Is Abstract Art Really Art?

Abstract art is a genre that stirs up extreme emotions, for some it is the most creative and novel way of illustrating an artistic vision on the other hand there are a set of art enthusiasts who find it unimaginative, meaningless and even go so far as to say-  “it is an excuse for being a bad artist”. The statement is unquestionably false and invalid, master artists like Pablo Picasso and Kazimir Malevic started as brilliant realist artists, gradually after decades of experience headed towards abstraction as their style and techniques progressively matured. As Picasso quoted- “It took me four years to paint like Raphael, but a lifetime to paint like a child.”

Guernica by Pablo Picasso

Shown below (Left) is a portrait of Picasso’s mother made by him in his early teens. On the right is the painting- ‘Les Demoiselles d’Avignon’ (The Young Ladies of Avignon) , it is considered to be the prototype that shaped Cubism and Modern art. The evident style difference shows the creative maturity achieved by Picasso over the years.

Shown below (Left) is a realistic still life made by Henri Matisse, in his early years. On the right is his masterpiece painting- ‘Dance’ made after he founded Fauvism. The drastic transformation in his style proves the various techniques he adopted as his style matured over time.

Shown below is a portrait of Kazimir Malevic’s wife made by him in the early years of his career. On the right is the painting- ‘Suprematism’ made after he pioneered geometric abstraction.

Of all the arts, abstract painting is the most difficult. It demands that you know how to draw well, that you have a heightened sensitivity for composition and for colors, and that you be a true poet. This last is essential.” – Wassily Kandinksky

To evoke emotions from a visual composition of shapes, lines and color that are completely detached from reality is what an abstract artist wishes to accomplish. It’s a tricky and tough target to achieve, the artwork needs to be intriguing and absorbing enough to give a viewer pause for thought.

Each one of us would have a different emotional reaction, interpretation and understanding of an abstraction, that is the unique creative character of non-representational art. Seeing Paul Klee’s painting (shown below) one might spot, drama and positive energy in the shape shifting color distribution but for some the patterned pastel shades may generate feeling of melancholy or chaos.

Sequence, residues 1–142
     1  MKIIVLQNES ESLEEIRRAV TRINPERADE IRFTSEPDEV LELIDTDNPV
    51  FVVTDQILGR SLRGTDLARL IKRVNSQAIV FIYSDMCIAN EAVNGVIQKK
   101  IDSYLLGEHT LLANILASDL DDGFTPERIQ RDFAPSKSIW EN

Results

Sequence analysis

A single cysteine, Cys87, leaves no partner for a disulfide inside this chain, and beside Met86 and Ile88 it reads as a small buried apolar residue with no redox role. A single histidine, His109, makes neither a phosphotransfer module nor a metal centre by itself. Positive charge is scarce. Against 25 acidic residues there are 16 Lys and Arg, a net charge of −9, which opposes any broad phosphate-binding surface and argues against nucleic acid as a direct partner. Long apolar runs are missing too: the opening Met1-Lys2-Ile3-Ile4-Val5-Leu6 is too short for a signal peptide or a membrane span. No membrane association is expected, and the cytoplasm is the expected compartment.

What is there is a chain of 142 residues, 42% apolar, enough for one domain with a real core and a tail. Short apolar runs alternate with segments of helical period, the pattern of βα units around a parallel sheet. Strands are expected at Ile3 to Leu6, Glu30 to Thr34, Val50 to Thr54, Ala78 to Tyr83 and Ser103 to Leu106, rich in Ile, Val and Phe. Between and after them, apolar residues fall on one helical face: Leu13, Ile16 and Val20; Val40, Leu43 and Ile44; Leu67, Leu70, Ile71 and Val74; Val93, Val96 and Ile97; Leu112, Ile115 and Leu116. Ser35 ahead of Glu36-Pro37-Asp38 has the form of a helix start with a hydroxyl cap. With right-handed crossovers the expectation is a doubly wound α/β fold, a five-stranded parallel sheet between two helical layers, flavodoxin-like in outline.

Feeling intimidated or stressing over deciphering the art would only ruin your visual experience, creative imagination and curiosity is all that’s needed to appreciate and enjoy  an abstract artwork.  What was the artist thinking while making the painting?  What is the message of the artwork? These are pointless questions best kept at bay. Abstract art is open to multiple connotations, it is like a prism that separates a single idea into a spectrum of interpretations.

In summary, abstract art is not an easy route taken by amateur artists, it is an idea that has fermented over years through various movements, experiments and techniques. Before the advent of camera, traditional arts theory was to capture live scenarios as close to reality as possible. Impressionist artists (late 19th century) were the first to defy the traditional methods by introducing abstraction in the art domain with a radical technique of coloring. Following various movements like Expressionism & Fauvism, by early 21st century Cubist artists like Picasso, Georges Braque and Juan Gris gave a sweeping turn by rejecting the most fundamental elements of art- Perspective and Pictorial Depth. Abstract art further evolved with successive movements like Surrealist and Op-art and it continues to progress and transform from post modernism to contemporary art scenario.

Shown below are artworks- La bouteille d’anis (The Bottle of Anis) and Les raisins made by cubism artist Juan Gris.